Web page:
Garden and flower shows are a popular way for the public to enjoy spectacular gardening displays and shop for supplies. Cities across the country host annual shows that are open to the public. Stop by one of these exhibitions during the spring to prepare yourself for the planting season. You’ll find inspiration in the show gardens, learn from the educational seminars and buy supplies to transform your own garden.
Since 1988, this show has grown into the largest consumer gardening exposition in the United States staffed by volunteers. Scheduled for February 18th to 20th in 2011, it celebrates the accomplishments of the OAN’s members, and allows the public to learn skills and techniques from the experts. Educational seminars include “Solving Problems in the Vegetable Garden Before They Get Started” and “Fifty Favorite Shrubs.”
A little further north, Seattle has offered this show since 1989. Scheduled for February 23rd to 27th in 2011, the theme for the show is “Once Upon a Time.” The show gardens, created by regional designers, cover six acres in the Washington State Convention Center. The Marketplace is home to over 300 exhibitors. The show claims to offer the largest roster of free educational seminars of any garden show in the world. Offerings include “Planting a Scripture Garden in the Pacific Northwest” and a “Guide for Beautiful & Effective Erosion Control.”
This show takes place in 2011 from February 24th to 27th in Providence. Touted as New England’s premiere flower show, over 25 Rhode Island and neighboring Massachusetts exhibitors celebrate the theme of "Gardening with Heart.” The show also includes a marketplace of vendors, lectures and seminars such as “Sustainable Roses for New England Gardens” and “Edible Landscaping: Transform Your Yard into an Edible Paradise.”
From March 3rd to March 6th in 2011, themes for show gardens in the 22nd anniversary show include “Here We Grow Again!” and “Backyard Family Fun!” Displays include gardens, blooming flowers and 250 exhibitors in a marketplace of products and services. Educational lectures include “How to Construct Ponds, Streams, and Waterfalls” and “Edible Landscaping: The New American Garden.”
Designed to get you inspired, educated and motivated about gardening, this show is scheduled for March 5th through 13th in 2011. The displays center on a theme for the year titled “The Sport of Gardening.” There are 30-plus gardens showing off the skill of top Midwest designers. For a $20 charitable donation, you can take part in a “potting party.” Under the eye of a professional, participants plant assorted foliage in their own pot and walk out with their own garden creation. The marketplace will house over a hundred vendors offering gardening, landscape and horticulture products and services. Educational seminars like “Designing with Hydrangeas” or “Landscaping the Urban Garden” will provide vital information to help you garden better.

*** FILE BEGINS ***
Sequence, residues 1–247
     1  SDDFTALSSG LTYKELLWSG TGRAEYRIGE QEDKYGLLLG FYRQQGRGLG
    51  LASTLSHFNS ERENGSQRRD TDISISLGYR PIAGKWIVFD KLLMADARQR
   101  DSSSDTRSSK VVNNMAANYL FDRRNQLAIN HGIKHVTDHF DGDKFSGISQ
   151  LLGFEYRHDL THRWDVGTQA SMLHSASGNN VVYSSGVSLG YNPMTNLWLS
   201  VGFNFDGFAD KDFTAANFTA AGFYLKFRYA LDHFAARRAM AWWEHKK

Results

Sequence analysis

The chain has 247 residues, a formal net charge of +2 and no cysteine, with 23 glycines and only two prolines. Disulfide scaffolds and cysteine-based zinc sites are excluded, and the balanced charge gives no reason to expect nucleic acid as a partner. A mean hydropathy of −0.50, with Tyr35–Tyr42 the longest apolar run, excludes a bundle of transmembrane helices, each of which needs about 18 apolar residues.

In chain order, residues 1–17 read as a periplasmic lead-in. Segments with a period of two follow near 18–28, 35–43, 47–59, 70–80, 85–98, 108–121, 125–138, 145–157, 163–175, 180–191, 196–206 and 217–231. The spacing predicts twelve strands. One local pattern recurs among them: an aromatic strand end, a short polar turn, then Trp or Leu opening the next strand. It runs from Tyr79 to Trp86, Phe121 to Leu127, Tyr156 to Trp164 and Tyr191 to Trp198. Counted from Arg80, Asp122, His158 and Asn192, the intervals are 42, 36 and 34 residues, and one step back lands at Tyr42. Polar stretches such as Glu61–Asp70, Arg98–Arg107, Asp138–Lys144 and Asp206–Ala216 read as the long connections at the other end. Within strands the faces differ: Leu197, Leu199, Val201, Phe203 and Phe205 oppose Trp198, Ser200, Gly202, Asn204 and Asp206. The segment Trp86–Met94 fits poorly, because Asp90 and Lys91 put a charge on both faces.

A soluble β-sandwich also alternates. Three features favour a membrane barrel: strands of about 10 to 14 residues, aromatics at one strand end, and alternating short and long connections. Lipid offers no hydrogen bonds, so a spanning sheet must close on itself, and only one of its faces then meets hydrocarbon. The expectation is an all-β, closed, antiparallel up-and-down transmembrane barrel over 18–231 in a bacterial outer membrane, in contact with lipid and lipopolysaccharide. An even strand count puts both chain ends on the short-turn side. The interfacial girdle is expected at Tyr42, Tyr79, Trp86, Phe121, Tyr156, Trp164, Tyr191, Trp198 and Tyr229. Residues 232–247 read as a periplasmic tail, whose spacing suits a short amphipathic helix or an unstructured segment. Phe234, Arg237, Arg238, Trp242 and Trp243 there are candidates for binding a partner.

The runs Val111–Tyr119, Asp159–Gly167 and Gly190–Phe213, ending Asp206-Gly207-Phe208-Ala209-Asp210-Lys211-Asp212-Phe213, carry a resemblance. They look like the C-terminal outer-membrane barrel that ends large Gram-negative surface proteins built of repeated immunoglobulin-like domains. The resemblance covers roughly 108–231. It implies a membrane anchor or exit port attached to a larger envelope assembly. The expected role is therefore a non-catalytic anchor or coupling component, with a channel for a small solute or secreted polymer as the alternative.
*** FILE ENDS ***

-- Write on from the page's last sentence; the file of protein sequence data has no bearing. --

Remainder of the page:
This show celebrates the season with the theme “Springtime in Paris” March 6th to 13th. Ticket sales benefit the Pennsylvania Horticultural Society. This show is one of the premiere events of its kind. Garden designers fool their trees, shrubs and perennials into bloom for the week of the show by manipulating temperature and lighting controls. There are about 60 different displays to take in. Nearly 200 retailers offer their wares and services in the Marketplace. Educational lectures and demonstrations include “Healthy Houseplants” and “Composting for Healthier Soil.”
This show takes place in 2011 from March 23rd to 27th. New for 2011, the show has added information on edible plants, cooking and wine. California experts in landscape architecture and garden design judge the show gardens the day before the show opens to the public. Participants are also eligible for the “People’s Choice Award,” too. Educational seminars include “Palms for the California Landscape” and “Composting for Climate Change.” Sproutopia is the show’s area for children and includes gardening and art activities to get the little ones involved.
Other states and cities offer their own flower and garden shows. These displays, competitions and seminars are the perfect way to celebrate the coming of spring. You can learn more about plants, flowers and tending your garden. You can buy the necessary supplies or hire providers to help you overhaul your home and garden. And most of all, you can see a beautiful display of blooming flowers that will remind you that warm weather is on the way.